Why The Oscars’ Diversity Issue Matters to All Employers


Last night was the 88th broadcast of Academy Awards.  And, even if you didn’t watch it, then you know that not one person of color was nominated for an Oscar in the categories of best actor or actress in either a primary or supporting role. 

The host was Chris Rock. And, with humor and perspective, he nailed it…effectively by reframing it.

The absence of award nominations for actors of color was less about the nominations themselves and more about the absence of acting opportunities for actors of color. If you don’t have access to the opportunities, then it goes without saying you cannot win.

To quote Chris Rock:

"What I’m trying to say is it’s not about boycotting or anything. It’s just we want opportunity. We want the black actors to get the same opportunities as white actors. That’s it. And not just once. Leo gets a great part every year. All these guys get great parts all the time. But what about the black actors?"

Rock’s comments apply not only to black actors but also to Asian American and Hispanic American actors.  Why are there not more roles for actors who are Asian American or Hispanic American?

Now, you may be tempted to say: who cares about Hollywood!  Avoid that temptation; access issues are not limited to the entertainment industry.

Outside of Hollywood, we see a glaring absence of diversity in many senior leadership teams. And, there also is a clear gender pay gap in many organizations, even if people debate the degree of the gap.

I would suggest that, in many situations, what we see is the symptom of the underlying problem: the absence of meaningful access to assignments and opportunities that create the credentials for promotions and higher pay.   How do we address the access problem?

Well, that goes beyond the scope of this brief blog. But the first step is acknowledging the root of the problem so that we can focus our corrective action there.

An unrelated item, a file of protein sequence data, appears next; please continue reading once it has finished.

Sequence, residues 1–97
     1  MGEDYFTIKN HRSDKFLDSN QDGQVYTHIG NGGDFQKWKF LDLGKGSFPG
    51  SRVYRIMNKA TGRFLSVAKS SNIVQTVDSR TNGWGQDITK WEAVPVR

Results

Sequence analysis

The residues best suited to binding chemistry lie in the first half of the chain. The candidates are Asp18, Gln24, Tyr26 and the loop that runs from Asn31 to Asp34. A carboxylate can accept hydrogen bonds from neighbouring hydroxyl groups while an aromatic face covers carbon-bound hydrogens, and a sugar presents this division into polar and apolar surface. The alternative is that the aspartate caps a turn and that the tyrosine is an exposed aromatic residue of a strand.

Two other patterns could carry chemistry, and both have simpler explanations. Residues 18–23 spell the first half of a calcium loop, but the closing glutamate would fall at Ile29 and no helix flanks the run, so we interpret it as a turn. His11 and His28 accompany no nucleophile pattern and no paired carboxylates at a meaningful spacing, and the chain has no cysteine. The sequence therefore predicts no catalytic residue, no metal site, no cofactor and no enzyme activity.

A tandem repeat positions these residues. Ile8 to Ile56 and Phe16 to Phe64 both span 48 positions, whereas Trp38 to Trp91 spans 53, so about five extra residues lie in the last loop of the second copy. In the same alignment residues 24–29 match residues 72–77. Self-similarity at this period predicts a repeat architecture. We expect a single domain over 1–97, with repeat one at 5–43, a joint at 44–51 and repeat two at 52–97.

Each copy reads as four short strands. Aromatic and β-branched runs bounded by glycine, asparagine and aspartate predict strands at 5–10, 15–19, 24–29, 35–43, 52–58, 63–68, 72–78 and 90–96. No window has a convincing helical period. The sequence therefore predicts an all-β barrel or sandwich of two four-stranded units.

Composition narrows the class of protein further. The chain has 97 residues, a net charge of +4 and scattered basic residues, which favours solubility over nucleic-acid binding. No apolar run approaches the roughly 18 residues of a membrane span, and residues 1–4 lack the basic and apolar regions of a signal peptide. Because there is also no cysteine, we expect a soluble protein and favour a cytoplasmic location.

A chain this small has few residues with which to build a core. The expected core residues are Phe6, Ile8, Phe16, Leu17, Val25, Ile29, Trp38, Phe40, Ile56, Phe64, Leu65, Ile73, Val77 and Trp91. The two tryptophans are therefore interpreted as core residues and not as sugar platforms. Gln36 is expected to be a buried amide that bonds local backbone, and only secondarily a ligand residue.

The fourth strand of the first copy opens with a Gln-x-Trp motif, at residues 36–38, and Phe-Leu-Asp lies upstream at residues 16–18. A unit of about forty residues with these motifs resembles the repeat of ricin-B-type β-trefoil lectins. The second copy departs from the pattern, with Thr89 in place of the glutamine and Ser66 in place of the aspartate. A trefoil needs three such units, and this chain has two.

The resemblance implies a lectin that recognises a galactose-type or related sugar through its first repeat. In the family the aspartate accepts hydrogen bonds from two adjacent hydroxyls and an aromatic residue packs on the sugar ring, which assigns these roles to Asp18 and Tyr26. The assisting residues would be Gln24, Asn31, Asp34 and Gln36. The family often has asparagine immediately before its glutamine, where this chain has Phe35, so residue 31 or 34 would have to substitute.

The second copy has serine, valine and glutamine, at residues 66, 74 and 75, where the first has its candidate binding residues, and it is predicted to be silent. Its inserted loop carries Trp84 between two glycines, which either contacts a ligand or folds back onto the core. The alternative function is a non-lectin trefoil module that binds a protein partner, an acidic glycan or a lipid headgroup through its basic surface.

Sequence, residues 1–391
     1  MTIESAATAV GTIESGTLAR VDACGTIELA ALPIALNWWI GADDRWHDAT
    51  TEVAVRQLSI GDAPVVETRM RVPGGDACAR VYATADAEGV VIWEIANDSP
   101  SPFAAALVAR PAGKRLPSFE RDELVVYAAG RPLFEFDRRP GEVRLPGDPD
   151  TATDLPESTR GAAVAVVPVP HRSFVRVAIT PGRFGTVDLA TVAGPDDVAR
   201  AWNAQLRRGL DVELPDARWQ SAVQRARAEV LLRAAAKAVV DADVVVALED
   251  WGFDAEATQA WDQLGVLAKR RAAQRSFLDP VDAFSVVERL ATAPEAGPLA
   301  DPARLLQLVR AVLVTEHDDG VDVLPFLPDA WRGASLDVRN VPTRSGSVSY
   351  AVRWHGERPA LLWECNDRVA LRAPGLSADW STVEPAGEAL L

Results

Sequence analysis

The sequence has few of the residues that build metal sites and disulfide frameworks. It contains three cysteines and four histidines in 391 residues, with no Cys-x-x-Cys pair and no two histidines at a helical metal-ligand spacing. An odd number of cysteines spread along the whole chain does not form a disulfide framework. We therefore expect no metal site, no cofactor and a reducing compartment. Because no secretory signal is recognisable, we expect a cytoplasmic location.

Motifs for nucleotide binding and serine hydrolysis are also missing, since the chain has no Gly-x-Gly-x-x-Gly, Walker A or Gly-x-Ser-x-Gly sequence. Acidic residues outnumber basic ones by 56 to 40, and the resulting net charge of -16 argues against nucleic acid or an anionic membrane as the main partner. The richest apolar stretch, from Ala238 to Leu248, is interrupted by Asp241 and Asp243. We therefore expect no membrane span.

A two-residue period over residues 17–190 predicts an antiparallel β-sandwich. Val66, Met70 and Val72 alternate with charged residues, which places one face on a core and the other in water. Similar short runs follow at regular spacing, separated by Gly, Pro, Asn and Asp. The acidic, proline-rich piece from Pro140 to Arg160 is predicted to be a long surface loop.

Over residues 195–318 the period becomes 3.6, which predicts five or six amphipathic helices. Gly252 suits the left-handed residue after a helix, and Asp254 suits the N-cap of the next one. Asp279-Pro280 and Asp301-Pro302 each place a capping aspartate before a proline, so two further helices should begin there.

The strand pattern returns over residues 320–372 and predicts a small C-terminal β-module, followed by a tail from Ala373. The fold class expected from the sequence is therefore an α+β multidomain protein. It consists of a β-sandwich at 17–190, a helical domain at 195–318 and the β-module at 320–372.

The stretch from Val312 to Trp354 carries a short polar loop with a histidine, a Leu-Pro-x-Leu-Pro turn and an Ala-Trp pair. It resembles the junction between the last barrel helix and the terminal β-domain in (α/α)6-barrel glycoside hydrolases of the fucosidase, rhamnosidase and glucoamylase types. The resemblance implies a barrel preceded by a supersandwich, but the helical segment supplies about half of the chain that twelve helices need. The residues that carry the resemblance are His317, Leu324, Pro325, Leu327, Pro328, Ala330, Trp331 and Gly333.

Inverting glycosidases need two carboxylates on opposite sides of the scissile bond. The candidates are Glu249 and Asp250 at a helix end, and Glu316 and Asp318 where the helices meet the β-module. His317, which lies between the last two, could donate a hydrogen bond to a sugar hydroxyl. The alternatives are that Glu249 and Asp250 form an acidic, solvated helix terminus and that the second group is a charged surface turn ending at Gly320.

Yes, this is about fairness. Fairness always matters. 

But there also is the business imperative. Diverse leadership teams are more successful, and you cannot get to the top unless you have had equal opportunity to access along the way.

Last night, Chris Rock rocked it with his root cause analysis. The success of our own organizations will depend, in part, on how we respond to the clarion call to focus on equal access opportunity.   




Excellent assessment, Jonathan. I did watch the Awards. I, too, was impressed with Chris Rock's reframing so that we begin to look at the core of the problem - access; not just the symptom of not getting an award.
Years ago, when we began implementing Affirmative Action, Exec. Order 11246, there was a great deal of backlash because many companies didn't understand the "core" meaning of Affirmative Action. Often companies really did promote "token" minorities who didn't have the qualifications, just to get their "numbers" up - instead of opening up opportunities widely and regularly seeking out qualified minorities to apply for them. I believe equal and REGULAR access to opportunities is the key to Diversity - in Hollywood, in Education, in Health Care, in Companies, and across the country. Thanks for passing on your comments to those who may not have seen - or, perhaps,, understood, Chris's comments.

Add new comment

Filtered HTML

  • Web page addresses and e-mail addresses turn into links automatically.
  • Allowed HTML tags: <a> <em> <strong> <cite> <blockquote> <code> <ul> <ol> <li> <dl> <dt> <dd>
  • Lines and paragraphs break automatically.

Plain text

  • No HTML tags allowed.
  • Web page addresses and e-mail addresses turn into links automatically.
  • Lines and paragraphs break automatically.

Please enter the text you see in the image below: